Public testimony pushes against ‘politicizing’ water protection decisions

The Chilkat River in 2009. The river is one of the four bodies of water nominated for Tier 3 protection. (Creative Commons photo by Dave Bezaire)
The Chilkat River in 2009. The river is one of the four bodies of water nominated for Tier 3 protection. (Creative Commons photo by Dave Bezaire)

Should the decision to grant a body of water the highest level of protection be up to the Alaska Legislature? Bills working their way through committees in the House and Senate would give lawmakers that power. But in public testimony this week, Alaskans spoke against ‘politicizing’ decisions on Outstanding National Resource Water nominations.

The Federal Clean Water Act requires states have a process to evaluate Outstanding Resource or Tier 3 nominations. Tier 3 waters are protected from new pollutants unless they are temporary and limited.

“We ask not for us, but for the ones to come. Our grandchildren and their grandchildren,” Yakutat Tlingit Tribal Council member Raymond Sensmeier testified to the Senate Resources Committee Monday.

The council recently nominated the Yakutat Forelands for Tier 3 status. The other pending Alaska nominations are for the Chilkat River, the Koktuli River and the Bristol Bay Watershed. Those nominations are stuck in limbo until the state decides who should evaluate them.

Governor Bill Walker introduced Senate Bill 163 and its companion House Bill 283 to give the legislature the power to decide on Tier 3 nominations.

Department of Environmental Conservation Commissioner Larry Hartig told the House Fisheries Committee Tuesday about the possible impacts of the water protection.

“Since you can’t put any additional pollution in there from a source that we regulate under the Clean Water Act, you couldn’t have for instance a fish processing plant that would produce fish waste, you couldn’t have a public wastewater treatment plant that would have treated wastewater that would go in there, you certainly couldn’t have a mine that would have treated wastewater. Anything that has a wastewater stream, you couldn’t allow that.”

Hartig said because of the potentially wide-ranging impacts of Tier 3 status, the decisions should be up to the legislature. But most of the people who testified to Senate Resources Monday and House Fisheries Tuesday did not agree.

“The primary problem that we see with having the legislature call the final shot on Tier 3 designations is that it creates a white-hot political debate instead of a stakeholder discussion,” said Louie Flora, from the Alaska Center for the Environment and Alaska Conservation Voters.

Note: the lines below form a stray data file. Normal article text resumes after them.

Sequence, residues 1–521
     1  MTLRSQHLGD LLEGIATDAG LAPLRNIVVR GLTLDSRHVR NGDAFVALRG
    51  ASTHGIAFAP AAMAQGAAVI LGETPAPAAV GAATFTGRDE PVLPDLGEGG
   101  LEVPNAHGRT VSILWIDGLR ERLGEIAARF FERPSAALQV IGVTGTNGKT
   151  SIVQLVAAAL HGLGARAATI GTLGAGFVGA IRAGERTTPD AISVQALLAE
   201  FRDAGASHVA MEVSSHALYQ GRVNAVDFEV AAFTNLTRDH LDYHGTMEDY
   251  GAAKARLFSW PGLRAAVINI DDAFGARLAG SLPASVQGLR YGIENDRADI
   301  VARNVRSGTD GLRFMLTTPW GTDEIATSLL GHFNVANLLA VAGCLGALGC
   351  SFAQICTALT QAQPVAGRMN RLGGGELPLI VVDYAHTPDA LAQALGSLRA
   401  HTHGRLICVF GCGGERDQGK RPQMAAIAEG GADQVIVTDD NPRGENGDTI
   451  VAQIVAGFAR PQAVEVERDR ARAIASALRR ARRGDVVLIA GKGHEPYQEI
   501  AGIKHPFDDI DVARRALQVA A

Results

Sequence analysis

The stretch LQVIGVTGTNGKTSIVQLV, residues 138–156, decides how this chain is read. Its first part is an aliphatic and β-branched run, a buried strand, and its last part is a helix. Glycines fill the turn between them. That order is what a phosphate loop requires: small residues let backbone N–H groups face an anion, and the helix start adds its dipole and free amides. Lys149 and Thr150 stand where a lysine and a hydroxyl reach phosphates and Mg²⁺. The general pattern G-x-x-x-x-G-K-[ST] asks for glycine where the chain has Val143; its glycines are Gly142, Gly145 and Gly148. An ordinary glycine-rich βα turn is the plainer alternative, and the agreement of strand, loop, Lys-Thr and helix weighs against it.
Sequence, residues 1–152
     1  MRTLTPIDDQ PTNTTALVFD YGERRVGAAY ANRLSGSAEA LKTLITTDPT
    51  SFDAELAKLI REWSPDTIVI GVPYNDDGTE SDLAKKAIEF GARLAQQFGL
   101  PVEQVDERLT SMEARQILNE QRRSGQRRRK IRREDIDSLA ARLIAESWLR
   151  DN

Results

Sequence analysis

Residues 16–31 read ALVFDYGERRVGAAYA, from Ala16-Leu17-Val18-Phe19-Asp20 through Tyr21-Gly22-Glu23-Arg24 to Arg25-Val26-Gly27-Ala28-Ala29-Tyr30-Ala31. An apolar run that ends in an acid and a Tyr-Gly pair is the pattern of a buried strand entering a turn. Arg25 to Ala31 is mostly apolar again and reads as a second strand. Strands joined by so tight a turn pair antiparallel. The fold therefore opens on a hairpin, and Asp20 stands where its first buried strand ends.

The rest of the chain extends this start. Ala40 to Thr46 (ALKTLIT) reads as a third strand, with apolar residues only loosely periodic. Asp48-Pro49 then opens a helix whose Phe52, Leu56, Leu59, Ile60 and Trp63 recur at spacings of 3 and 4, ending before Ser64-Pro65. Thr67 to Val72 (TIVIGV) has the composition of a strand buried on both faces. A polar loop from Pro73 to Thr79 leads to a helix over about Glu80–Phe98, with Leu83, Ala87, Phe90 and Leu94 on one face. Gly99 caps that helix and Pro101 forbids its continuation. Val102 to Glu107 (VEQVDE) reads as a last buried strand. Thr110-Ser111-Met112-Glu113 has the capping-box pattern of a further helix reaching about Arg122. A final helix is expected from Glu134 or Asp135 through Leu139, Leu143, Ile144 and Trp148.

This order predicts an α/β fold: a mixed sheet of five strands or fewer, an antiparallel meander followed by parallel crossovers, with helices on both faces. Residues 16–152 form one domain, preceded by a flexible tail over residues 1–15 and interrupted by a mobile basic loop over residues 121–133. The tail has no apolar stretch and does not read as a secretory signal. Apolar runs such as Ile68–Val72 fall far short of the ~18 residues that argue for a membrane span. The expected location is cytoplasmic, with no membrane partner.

Flora said Tier 3 decisions should go to DEC, to be made based on science and public input. Heidi Kritz of the United Tribes of Bristol Bay and Debra Schnabel from the Haines Chamber of Commerce advocated for the same thing.

“This process cannot be subjected to politics,” Kritz said. “It needs to be guided by science to determine which of the waters in Alaska warrant these designations.”

“Because the citizenry is very aware that votes on issues affecting local economies can easily be traded among legislators with different constituent loyalties,” Schnabel said.

Some of the lawmakers argued with that logic, saying they’re able to make nonpartisan decisions. Soldotna Republican Sen. Peter Micciche said the DEC Commissioner also has the potential to base decisions on politics.

“You really have the potential for dramatic swings in the administration,” Micciche said. “You have no idea who the next governor is going to be, it may be this one it may be another one. It may just be some right wing guy that decides it’s not gonna happen on his watch.”

Bethel Republican Representative Bob Herron also said leaving the decisions to the legislature could make the process less political than if they went to DEC.

“If it was housed in DEC alone, sometime in the future we might get an unfriendly DEC group,” Herron said. “And don’t you think we need a backstop or the peoples’ representatives will make the final call, either up or down?”

The only person who testified in favor of giving legislators decision-making power was Deantha Crockett from the Alaska Miners Association. But Crockett said, her group would prefer Alaska be exempt from the provision in the Clean Water Act mandating a process for Tier 3 nominations.

“AMA believes the process of any designation could be used by anti-development individuals or organizations to stop responsible development projects,” Crockett said.

The Senate Resources Committee took more public testimony Wednesday afternoon. The House Fisheries Committee will revisit the Tier 3 nomination bill at a future date to be determined.

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